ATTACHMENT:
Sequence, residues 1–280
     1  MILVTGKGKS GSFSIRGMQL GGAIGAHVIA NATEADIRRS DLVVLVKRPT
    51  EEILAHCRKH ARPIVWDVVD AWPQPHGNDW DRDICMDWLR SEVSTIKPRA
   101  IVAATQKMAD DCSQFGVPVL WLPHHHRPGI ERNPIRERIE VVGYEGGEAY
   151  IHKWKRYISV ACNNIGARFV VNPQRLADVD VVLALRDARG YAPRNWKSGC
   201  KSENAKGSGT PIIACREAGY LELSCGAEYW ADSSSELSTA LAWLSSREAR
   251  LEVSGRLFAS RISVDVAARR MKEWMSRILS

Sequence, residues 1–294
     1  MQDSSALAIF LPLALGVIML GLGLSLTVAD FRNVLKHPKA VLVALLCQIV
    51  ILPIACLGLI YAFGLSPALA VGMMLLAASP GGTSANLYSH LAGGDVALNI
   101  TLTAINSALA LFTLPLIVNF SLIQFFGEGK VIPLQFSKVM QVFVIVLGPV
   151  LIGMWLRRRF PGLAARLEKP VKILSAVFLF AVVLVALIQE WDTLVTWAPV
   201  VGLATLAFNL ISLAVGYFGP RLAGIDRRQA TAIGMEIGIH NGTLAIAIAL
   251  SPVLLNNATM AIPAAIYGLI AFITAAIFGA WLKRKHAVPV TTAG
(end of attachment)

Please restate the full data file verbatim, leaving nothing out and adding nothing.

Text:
Sequence, residues 1–280
     1  MILVTGKGKS GSFSIRGMQL GGAIGAHVIA NATEADIRRS DLVVLVKRPT
    51  EEILAHCRKH ARPIVWDVVD AWPQPHGNDW DRDICMDWLR SEVSTIKPRA
   101  IVAATQKMAD DCSQFGVPVL WLPHHHRPGI ERNPIRERIE VVGYEGGEAY
   151  IHKWKRYISV ACNNIGARFV VNPQRLADVD VVLALRDARG YAPRNWKSGC
   201  KSENAKGSGT PIIACREAGY LELSCGAEYW ADSSSELSTA LAWLSSREAR
   251  LEVSGRLFAS RISVDVAARR MKEWMSRILS

Sequence, residues 1–294
     1  MQDSSALAIF LPLALGVIML GLGLSLTVAD FRNVLKHPKA VLVALLCQIV
    51  ILPIACLGLI YAFGLSPALA VGMMLLAASP GGTSANLYSH LAGGDVALNI
   101  TLTAINSALA LFTLPLIVNF SLIQFFGEGK VIPLQFSKVM QVFVIVLGPV
   151  LIGMWLRRRF PGLAARLEKP VKILSAVFLF AVVLVALIQE WDTLVTWAPV
   201  VGLATLAFNL ISLAVGYFGP RLAGIDRRQA TAIGMEIGIH NGTLAIAIAL
   251  SPVLLNNATM AIPAAIYGLI AFITAAIFGA WLKRKHAVPV TTAG